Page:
Once a coping style has been identified, psychological and practical support for avoiders can be tailored in the direction of distraction, whereas additional information can be provided for active copers. Children who used avoidant coping behaviour—for example, while having their blood taken—showed increased distress behaviour and reported being more distressed during that period than those children who took an active interest (Pretzlik and Sylva, the VIIth European Conference on Developmental Psychology). These results endorse the findings by other workers,11 13 as well as Peterson's summary review of eight studies,12 all of which found that active copers on the whole fare better than avoidant copers.
Implications and conclusion
Empirical studies involving the widespread use of the OSBD and its extension, which includes the two coping behaviour categories, active/avoidant, will add to the knowledge of individual and contextual factors associated with distress and coping. This knowledge can facilitate improvement in existing interventions and provide input for new interventions to enhance children's coping. It might also broaden their application beyond medical procedures to other aspects of adjustment to serious and long term illness.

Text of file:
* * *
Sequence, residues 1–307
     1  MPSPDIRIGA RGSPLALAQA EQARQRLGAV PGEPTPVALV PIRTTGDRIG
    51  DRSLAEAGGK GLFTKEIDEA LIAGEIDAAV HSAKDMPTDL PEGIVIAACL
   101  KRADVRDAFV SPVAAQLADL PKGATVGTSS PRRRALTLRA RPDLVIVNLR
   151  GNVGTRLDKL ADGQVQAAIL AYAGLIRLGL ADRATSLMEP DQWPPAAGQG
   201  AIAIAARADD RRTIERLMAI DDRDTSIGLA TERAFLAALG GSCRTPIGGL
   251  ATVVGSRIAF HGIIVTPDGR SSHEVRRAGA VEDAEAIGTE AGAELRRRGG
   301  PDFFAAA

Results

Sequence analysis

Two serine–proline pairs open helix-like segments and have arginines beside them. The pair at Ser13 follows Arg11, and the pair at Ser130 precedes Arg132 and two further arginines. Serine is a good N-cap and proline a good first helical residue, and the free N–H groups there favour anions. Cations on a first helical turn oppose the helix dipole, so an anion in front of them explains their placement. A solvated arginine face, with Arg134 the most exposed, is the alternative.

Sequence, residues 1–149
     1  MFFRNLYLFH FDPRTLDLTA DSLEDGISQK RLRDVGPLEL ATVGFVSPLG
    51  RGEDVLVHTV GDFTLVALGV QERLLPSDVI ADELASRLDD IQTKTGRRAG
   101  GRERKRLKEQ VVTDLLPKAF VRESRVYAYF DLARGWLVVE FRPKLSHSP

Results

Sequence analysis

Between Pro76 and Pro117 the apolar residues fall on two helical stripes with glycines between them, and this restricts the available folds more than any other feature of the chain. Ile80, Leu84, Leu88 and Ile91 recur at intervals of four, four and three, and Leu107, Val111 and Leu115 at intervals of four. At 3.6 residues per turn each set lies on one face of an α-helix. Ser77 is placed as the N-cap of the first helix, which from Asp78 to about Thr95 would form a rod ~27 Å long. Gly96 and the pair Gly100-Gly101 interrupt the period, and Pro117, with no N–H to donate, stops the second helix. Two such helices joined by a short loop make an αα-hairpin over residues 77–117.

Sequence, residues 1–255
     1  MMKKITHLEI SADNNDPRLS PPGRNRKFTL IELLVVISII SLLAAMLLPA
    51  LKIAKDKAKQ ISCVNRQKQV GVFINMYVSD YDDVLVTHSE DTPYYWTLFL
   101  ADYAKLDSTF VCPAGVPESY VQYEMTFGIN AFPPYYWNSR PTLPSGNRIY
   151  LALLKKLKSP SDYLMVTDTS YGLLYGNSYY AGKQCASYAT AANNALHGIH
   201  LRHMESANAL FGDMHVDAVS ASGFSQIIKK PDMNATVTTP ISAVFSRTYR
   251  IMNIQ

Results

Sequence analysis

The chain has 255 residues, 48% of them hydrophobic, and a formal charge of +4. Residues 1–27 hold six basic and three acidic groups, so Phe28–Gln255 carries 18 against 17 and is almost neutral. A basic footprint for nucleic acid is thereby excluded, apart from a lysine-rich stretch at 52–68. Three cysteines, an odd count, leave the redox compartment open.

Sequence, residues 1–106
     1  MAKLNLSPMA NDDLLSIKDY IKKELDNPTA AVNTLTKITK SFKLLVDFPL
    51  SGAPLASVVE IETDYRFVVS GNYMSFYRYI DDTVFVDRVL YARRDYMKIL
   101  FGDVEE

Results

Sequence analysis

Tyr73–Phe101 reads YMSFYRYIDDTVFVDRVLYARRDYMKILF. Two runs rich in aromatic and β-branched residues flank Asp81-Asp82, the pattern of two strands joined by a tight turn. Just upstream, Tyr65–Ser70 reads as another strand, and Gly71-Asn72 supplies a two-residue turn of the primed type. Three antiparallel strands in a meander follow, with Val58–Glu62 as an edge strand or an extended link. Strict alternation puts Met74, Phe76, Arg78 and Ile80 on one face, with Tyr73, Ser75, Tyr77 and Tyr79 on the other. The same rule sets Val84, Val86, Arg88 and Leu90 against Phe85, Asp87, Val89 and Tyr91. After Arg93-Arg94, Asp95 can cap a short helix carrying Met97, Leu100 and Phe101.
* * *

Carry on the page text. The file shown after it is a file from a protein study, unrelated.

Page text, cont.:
To find out more about infants' and toddlers' resilience and vulnerability, structured observation carried out in the clinical setting is recommended. It is only with the development of verbal skills that children are provided with the fundamental means of conveying directly the nature of pain, its location, intensity, and duration, which are all elements that contribute to the distress of paediatric patients. These elements are essential for clinicians to be aware of, through their own observations or through research findings.